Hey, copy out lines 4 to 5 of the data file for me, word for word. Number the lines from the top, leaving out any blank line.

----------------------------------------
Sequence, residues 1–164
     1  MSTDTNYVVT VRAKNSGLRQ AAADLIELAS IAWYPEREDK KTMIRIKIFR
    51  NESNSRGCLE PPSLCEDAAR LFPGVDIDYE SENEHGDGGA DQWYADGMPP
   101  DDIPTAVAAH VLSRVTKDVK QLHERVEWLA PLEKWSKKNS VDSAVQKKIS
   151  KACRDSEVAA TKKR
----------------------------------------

   101  DDIPTAVAAH VLSRVTKDVK QLHERVEWLA PLEKWSKKNS VDSAVQKKIS
   151  KACRDSEVAA TKKR